Like most Ukrainians, Kalashnykova functions equally well in both languages. In her everyday life, though, and with her husband and two small children, ages 5 and 2, she largely spoke Russian. She was raised in a Russian-speaking family and estimated that 90 percent of her relatives speak Russian.
But when Moscow launched its invasion of Ukraine on Feb. 24, she said she “realized in a second” that she had “no right to use any language other than Ukrainian” and that “the Ukrainian language is actually my weapon.”
She says she’s okay with those Ukrainians who continue to speak Russian — like her mother. But Kalashnykova says she will speak to her only in Ukrainian.
“I want nothing to do with Russian,” she said.
It’s a sentiment shared by a growing number of Ukrainians. For many, the time has come to separate Ukraine linguistically, and psychologically, from its northern neighbor. The two languages are similar, like Portuguese and Spanish, and conversations often take place in which one person speaks Ukrainian and the other Russian.
But now, debates have erupted on social media on the need to wean the country off Russian, and posts have multiplied of those announcing their switch to speaking only Ukrainian.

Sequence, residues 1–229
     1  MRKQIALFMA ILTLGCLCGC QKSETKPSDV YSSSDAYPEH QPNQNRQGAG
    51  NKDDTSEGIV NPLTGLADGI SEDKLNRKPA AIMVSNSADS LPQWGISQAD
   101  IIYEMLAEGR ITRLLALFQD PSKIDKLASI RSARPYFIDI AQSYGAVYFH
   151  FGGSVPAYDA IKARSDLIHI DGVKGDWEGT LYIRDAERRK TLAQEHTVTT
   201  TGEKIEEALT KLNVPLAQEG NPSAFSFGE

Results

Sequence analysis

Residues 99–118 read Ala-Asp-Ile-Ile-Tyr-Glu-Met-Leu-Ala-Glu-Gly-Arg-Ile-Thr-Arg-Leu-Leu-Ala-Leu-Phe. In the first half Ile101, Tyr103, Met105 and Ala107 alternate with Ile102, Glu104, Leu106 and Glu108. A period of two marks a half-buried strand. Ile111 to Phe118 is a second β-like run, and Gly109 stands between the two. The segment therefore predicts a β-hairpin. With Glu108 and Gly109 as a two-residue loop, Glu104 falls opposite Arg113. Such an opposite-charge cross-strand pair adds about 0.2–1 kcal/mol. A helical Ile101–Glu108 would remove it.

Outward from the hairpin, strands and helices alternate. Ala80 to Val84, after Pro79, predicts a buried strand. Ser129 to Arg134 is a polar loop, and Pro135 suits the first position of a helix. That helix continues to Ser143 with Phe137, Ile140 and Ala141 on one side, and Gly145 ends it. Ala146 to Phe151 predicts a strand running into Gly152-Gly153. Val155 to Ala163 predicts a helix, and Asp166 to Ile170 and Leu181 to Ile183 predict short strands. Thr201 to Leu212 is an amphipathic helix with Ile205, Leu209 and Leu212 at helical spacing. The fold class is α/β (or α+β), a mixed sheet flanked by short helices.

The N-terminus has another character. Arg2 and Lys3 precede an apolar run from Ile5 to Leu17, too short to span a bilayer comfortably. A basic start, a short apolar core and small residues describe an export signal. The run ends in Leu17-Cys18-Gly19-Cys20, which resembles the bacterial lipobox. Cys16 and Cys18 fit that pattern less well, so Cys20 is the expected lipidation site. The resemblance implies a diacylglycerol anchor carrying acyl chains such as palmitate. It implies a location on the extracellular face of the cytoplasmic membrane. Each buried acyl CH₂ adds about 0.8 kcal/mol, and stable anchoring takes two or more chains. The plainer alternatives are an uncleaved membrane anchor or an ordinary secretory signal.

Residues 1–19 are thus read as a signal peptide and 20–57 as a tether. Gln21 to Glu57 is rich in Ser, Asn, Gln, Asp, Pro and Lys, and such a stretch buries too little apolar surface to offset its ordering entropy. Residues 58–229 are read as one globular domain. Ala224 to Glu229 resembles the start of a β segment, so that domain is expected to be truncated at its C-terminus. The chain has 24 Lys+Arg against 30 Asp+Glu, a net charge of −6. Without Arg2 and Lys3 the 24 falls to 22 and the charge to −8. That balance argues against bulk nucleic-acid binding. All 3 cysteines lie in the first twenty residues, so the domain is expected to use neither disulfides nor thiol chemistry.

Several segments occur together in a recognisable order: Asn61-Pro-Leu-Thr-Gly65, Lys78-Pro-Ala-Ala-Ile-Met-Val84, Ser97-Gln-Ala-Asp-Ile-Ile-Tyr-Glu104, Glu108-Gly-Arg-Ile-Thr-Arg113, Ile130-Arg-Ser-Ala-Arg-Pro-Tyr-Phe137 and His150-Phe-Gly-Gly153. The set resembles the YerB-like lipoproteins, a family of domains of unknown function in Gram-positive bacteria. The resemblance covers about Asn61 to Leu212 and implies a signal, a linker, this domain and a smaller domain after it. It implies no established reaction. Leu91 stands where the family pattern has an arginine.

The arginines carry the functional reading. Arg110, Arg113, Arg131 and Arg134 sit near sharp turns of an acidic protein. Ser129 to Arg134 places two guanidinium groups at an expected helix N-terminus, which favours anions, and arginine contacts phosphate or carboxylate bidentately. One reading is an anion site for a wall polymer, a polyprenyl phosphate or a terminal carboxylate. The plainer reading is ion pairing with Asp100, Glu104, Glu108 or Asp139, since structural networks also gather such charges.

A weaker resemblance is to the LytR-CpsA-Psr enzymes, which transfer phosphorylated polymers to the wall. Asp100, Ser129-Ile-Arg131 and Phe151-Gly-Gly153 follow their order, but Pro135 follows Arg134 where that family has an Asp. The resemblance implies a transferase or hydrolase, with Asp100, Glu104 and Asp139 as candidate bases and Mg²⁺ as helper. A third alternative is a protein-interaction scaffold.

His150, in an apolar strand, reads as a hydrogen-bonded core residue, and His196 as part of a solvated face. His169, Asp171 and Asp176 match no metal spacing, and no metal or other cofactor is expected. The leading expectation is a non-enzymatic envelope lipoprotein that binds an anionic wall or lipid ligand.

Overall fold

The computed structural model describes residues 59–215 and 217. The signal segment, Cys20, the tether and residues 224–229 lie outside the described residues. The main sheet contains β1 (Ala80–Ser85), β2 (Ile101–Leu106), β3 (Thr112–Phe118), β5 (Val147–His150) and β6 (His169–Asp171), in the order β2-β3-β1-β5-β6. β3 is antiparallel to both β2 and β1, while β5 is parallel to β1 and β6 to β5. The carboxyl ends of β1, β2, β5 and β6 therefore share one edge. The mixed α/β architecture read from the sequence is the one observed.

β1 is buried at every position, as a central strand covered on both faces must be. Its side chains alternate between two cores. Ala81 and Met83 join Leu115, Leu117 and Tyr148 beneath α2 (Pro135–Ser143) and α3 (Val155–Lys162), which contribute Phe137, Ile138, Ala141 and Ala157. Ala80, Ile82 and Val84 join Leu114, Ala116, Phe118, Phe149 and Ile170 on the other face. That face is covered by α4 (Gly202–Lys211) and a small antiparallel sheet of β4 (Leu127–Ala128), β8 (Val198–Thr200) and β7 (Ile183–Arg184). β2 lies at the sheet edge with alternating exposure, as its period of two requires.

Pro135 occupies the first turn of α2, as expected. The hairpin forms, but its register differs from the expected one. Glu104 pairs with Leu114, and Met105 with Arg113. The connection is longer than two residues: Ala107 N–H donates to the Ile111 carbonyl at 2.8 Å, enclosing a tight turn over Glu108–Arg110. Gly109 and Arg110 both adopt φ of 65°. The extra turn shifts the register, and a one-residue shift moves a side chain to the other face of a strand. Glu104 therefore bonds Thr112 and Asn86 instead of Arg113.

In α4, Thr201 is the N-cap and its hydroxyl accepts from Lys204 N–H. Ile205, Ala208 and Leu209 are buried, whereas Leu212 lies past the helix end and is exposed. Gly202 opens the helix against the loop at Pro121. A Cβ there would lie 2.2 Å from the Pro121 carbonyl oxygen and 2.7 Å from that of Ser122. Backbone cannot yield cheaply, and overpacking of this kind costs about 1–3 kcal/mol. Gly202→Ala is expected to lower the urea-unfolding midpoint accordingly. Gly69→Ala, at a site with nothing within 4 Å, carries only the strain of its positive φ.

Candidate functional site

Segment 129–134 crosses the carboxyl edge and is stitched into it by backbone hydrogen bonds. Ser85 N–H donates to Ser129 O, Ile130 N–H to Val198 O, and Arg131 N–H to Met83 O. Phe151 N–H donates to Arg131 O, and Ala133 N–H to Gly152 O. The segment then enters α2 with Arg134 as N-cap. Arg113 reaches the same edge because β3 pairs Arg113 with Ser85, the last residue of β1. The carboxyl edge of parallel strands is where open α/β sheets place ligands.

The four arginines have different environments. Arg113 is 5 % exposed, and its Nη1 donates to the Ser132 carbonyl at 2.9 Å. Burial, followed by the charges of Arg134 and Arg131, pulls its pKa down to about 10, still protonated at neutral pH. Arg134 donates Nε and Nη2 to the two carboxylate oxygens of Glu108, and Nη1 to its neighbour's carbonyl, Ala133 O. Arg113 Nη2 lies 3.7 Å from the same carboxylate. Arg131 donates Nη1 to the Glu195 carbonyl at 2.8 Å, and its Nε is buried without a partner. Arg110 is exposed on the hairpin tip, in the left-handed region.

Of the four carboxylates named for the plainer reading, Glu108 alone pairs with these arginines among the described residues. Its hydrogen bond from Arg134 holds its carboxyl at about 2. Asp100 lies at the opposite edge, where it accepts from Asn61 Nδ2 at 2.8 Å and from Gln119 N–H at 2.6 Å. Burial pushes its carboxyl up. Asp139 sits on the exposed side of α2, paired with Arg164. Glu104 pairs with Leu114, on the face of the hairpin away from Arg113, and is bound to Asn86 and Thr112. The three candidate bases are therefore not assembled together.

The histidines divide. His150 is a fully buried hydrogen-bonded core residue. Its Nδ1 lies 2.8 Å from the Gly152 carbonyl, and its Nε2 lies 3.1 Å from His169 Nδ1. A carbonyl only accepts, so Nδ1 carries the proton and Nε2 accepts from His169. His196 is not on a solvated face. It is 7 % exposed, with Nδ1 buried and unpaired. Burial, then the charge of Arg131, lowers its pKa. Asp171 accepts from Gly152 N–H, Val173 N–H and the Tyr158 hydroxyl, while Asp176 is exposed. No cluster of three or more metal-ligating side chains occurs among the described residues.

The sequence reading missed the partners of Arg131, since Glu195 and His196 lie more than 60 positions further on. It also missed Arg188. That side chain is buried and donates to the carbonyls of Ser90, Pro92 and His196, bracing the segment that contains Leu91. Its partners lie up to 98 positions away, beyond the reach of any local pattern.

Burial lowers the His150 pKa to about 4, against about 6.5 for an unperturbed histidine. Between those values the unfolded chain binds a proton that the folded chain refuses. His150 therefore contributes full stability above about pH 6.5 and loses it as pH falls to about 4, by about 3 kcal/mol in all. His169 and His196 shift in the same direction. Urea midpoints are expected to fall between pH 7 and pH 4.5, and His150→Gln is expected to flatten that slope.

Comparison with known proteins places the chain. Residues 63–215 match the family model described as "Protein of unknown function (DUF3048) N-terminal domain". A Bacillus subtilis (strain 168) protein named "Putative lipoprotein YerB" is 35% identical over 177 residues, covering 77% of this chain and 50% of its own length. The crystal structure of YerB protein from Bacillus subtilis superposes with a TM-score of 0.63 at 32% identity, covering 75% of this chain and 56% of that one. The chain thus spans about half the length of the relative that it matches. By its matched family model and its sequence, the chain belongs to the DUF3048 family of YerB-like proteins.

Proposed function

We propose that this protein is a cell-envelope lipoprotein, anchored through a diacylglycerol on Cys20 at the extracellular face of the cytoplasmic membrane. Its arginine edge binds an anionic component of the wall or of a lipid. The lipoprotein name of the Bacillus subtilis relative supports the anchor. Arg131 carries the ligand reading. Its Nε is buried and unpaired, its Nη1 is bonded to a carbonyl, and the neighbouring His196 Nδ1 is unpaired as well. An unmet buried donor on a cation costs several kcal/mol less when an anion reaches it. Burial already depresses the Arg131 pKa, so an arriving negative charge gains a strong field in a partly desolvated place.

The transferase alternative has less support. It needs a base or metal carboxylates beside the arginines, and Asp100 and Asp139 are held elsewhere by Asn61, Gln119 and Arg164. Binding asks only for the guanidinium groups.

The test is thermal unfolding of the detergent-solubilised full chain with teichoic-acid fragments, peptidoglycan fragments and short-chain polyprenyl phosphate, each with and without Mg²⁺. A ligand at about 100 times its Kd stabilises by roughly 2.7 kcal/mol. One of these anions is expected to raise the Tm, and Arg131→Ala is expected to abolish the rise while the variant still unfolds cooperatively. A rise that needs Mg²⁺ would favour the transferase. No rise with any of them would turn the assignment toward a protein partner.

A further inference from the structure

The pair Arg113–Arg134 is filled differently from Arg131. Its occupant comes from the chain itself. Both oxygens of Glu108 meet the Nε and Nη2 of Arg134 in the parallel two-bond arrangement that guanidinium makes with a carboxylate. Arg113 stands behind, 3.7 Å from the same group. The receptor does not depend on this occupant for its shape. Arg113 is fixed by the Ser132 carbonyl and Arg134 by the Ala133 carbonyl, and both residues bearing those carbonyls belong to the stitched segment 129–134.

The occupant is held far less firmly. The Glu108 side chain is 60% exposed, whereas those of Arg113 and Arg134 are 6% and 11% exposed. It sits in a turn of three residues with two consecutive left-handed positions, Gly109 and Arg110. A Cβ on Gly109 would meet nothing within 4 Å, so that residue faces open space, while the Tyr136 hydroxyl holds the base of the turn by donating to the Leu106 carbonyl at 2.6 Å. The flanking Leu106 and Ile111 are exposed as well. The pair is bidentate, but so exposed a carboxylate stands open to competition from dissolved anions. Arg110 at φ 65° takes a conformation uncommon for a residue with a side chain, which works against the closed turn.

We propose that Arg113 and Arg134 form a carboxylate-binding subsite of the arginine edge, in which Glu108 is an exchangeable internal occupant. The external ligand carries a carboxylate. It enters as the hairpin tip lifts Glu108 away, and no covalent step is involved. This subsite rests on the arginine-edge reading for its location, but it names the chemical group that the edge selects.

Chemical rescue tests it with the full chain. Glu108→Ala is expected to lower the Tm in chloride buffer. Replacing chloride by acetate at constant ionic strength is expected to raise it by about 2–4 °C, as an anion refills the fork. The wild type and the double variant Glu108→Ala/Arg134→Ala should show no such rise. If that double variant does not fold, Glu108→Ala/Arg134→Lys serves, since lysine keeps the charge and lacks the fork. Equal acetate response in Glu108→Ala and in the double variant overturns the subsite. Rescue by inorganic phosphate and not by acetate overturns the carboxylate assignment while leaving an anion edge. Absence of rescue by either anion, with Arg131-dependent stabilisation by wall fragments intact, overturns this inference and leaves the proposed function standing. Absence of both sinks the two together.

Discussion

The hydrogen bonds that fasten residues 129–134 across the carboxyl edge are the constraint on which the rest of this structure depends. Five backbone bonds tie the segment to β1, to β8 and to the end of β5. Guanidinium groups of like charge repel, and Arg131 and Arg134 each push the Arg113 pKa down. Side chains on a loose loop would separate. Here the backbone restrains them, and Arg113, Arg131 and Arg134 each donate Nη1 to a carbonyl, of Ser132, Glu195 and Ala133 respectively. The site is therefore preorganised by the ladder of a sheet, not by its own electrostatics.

The trend goes beyond language. It’s part of a larger rejection of “Russky Mir,” or “Russian World”: President Vladimir Putin’s concept of a shared Russian language and cultural space that he claims is under threat — and the defense of which he has used to justify his invasion.
For Ukrainians, the devastation that Moscow is inflicting on the country, and on the very people Putin claims to be saving, lays bare the lies that underpin the Kremlin’s invasion.
It’s a falsehood that President Volodymyr Zelensky — a native Russian speaker from southeastern Ukraine — seems to feel acutely.
Zelensky still uses the Russian language in part of his videos directed at Russians to convince them of the truth about Putin’s war. In a recent video address, Zelensky, speaking in Russian and visibly agitated, said the language is now associated with crimes, deportations, “explosions and killings” in places where Russian “has always been a part of everyday life.”
Moscow, he said, addressing those in Russia, was inadvertently doing everything to “ensure that de-Russification takes place” in Ukraine and that “our people stop speaking Russian themselves.”
“Because the Russian language will be associated with you. Only with you,” he said.
This has been especially stark in the eastern and southern parts of the country, regions with the deepest cultural, economic and family connections to Russia, and where the population predominantly speaks Russian.
It is also where the Kremlin is said to be employing a “scorched earth” military strategy.
Among the cities that have been leveled or hollowed out, and where possibly thousands have died, are Kharkiv, the country’s second-largest city and a center of Russian-language culture, and Mariupol, where close to 90 percent of the prewar population spoke Russian.